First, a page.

3Shape A/S v. Align Tech., Inc., C.A. No. 1-18-cv-00886-LPS-JLH, D.I. 368 at 29 (D. Del. Mar. 5, 2021).

Consideration of a stay is a fact-specific inquiry, and unique circumstances may weigh against a stay, even when IPR has already been instituted.  For example, if the IPR will resolve only a small fraction of an ongoing case, that fact can lead to denial of a stay motion, either after institution, or even, in a rare circumstance, after issuance of a final written decision.  See, e.g., ON Semiconductor Corp. et al. v. Power Integrations, Inc., C.A. No. 1-17-cv-00247-LPS, D.I. 236 at 16-18 (D. Del. Aug. 2, 2019) (denying partial stay after institution of four IPRs challenging two of the eight asserted patents); Sunoco Partners Marketing & Terminals LP v. Powder Springs Logistics, LLC et al., C.A. 1-17-cv-01390-LPS, D.I. 547 at 15-16 (D. Del. June 9, 2020) (denying partial stay after final written decision finding all claims in two of the five asserted patents unpatentable).  Additionally, a party’s delay in filing a motion to stay following institution may also weigh against granting a stay.  See, e.g., 3G Licensing, SA et al. v. LG Elecs., Inc. et al., C.A. No. 1-17-cv-00085-LPS-CJB, D.I. 240 (D. Del. Apr. 16, 2019) (stay denied where defendants waited over seven months after institution to move for stay).  Finally, as another example, in 3Shape A/S, Judge Hall denied a stay even though the IPR had been instituted because Judge Stark had already ordered the case, one of several between the same two parties, to be tried second and a stay would jeopardize that trial.  See C.A. No. 1-18-cv-00886-LPS-JLH, D.I. 368 at 30-32.  facts of each case should therefore be carefully considered in assessing the likelihood of a stay.

Grant of a Stay Is Unlikely To Reduce Overall Time In Court

Assuming a party does receive a stay, how does the imposition of a stay affect the overall timing of district court litigation in Delaware?  Only two cases in Delaware have gone to trial following a full stay and resolution of a co-pending IPR, under very different circumstances.

First, in Wasica Finance GmbH et al. v. Schrader International Inc., C.A. No. 1-13-cv-01353, Defendant Schrader filed its IPR early in the case, just a month after an amended complaint was filed and before any scheduling order had been entered.  Shortly thereafter, the parties stipulated to a stay.5 The PTAB instituted and ultimately found sixteen claims unpatentable and five claims patentable.6 Schrader appealed to the Federal Circuit, and the parties agreed to maintain the stay during the pendency of the appeal.7 The Federal Circuit affirmed the Board’s findings on all but one claim, which it reversed and found unpatentable.8 The case came back to the district court when the stay was lifted in November 2017.9 The case proceeded to trial 27 months after the stay was lifted, in February 2020, just before the COVID-19 pandemic.  On February 14, 2020, a jury returned a verdict in favor of Plaintiff Wasica on all counts and awarded $31.2m in damages.  Excluding the period of the stay, the case was pending for 34 months, just four months longer than the average time to a jury trial from complaint in Delaware.10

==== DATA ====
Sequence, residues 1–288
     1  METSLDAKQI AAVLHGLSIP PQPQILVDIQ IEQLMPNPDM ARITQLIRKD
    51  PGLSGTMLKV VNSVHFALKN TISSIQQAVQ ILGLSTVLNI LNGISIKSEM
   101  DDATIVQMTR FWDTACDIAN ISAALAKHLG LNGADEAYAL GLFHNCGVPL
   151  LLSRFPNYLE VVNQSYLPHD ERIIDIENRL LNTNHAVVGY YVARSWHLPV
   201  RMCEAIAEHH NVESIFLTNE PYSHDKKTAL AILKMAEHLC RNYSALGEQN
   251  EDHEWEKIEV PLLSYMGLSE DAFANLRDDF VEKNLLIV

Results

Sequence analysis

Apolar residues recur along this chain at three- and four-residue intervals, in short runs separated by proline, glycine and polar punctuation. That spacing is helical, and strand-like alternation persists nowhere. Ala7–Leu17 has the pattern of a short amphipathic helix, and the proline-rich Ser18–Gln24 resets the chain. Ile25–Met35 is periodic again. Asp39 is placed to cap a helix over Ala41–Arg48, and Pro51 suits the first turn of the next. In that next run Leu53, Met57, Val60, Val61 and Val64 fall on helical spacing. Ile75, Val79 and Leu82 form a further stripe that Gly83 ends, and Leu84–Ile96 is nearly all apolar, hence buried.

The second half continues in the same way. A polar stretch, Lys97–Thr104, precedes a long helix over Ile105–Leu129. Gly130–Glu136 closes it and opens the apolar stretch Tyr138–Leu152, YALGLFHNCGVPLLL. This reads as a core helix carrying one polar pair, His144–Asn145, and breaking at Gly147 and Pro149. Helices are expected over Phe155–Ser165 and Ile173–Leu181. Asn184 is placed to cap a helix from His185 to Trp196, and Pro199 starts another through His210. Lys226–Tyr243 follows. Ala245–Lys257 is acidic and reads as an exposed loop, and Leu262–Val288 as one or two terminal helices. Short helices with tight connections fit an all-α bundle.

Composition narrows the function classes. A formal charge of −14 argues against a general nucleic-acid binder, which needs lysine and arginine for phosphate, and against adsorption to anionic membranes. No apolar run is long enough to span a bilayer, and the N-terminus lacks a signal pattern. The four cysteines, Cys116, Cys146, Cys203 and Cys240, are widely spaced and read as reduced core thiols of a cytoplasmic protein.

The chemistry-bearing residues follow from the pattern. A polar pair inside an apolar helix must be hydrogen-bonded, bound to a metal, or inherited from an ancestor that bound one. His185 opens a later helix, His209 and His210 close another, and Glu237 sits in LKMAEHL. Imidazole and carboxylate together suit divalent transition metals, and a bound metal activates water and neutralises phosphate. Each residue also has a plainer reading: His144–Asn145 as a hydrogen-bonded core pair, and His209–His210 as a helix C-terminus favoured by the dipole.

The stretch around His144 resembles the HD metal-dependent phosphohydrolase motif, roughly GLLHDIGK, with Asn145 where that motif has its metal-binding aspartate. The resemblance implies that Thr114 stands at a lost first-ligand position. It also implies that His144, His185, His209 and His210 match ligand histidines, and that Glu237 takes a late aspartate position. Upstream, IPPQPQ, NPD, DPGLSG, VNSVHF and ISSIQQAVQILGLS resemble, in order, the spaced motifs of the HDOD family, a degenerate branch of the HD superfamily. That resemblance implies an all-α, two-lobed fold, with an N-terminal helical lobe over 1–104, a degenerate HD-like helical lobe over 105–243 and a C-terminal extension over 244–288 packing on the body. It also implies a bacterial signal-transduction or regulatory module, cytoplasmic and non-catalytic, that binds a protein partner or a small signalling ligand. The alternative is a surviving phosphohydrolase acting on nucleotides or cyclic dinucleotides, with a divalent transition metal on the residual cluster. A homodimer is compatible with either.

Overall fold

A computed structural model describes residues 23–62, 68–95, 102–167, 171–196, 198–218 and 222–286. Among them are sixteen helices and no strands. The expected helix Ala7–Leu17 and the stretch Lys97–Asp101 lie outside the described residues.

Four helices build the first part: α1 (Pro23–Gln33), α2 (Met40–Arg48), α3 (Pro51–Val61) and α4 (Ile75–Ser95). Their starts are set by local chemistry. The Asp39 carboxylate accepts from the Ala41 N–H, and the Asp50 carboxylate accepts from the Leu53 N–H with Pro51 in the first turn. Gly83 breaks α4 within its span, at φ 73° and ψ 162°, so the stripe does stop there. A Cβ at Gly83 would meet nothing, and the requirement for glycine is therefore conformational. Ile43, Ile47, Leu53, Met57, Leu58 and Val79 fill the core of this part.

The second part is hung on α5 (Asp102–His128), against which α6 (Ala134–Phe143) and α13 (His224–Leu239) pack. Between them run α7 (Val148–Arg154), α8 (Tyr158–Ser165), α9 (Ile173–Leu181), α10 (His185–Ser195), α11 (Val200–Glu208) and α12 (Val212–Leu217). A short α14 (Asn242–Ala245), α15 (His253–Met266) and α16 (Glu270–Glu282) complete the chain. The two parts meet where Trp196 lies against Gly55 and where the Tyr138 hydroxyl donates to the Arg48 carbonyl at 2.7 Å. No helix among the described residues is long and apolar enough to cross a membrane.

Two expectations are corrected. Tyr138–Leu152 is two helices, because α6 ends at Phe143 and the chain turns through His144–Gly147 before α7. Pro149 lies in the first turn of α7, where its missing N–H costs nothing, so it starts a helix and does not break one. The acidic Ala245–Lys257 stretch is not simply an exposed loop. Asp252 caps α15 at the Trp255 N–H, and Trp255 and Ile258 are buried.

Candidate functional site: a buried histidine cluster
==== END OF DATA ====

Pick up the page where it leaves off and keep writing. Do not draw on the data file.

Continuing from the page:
Second, in Parallel Networks Licensing LLC v. Microsoft Corporation, C.A. No. 1-13-cv-02073, Defendant Microsoft filed four IPRs challenging the asserted patents on the last day of the statutory one-year deadline imposed by the AIA.11 The PTAB instituted and consolidated the proceedings.  Microsoft filed a motion to stay the proceedings through the conclusion of the IPRs at the PTAB, approximately one month before opening expert reports were due.12 While Plaintiff Parallel Networks initially opposed the stay, at oral argument it relented, taking the position that, if the Court would not bifurcate estopped art from non-estopped art at trial, then a stay was appropriate.13 The Court found that, because the trial date was one month after the patents were set to expire, and two months before the PTAB was scheduled to issue its decision, a stay was warranted.14  The PTAB then held all challenged claims patentable15, and the district court litigation restarted in August 2016.16  The case proceeded to trial nearly nine months later, with a jury returning a verdict of no infringement in favor of Microsoft.  All told, the case was pending for just over 30 months, excluding the time the case was stayed.